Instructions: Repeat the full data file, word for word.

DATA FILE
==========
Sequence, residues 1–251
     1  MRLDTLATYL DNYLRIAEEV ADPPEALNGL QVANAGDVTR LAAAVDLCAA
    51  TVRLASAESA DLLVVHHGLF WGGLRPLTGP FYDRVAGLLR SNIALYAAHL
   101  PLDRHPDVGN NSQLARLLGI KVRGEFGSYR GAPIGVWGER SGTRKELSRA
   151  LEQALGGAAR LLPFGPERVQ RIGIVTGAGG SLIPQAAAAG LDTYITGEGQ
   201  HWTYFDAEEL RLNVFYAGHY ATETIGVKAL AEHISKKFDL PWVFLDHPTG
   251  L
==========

Sequence, residues 1–251
     1  MRLDTLATYL DNYLRIAEEV ADPPEALNGL QVANAGDVTR LAAAVDLCAA
    51  TVRLASAESA DLLVVHHGLF WGGLRPLTGP FYDRVAGLLR SNIALYAAHL
   101  PLDRHPDVGN NSQLARLLGI KVRGEFGSYR GAPIGVWGER SGTRKELSRA
   151  LEQALGGAAR LLPFGPERVQ RIGIVTGAGG SLIPQAAAAG LDTYITGEGQ
   201  HWTYFDAEEL RLNVFYAGHY ATETIGVKAL AEHISKKFDL PWVFLDHPTG
   251  L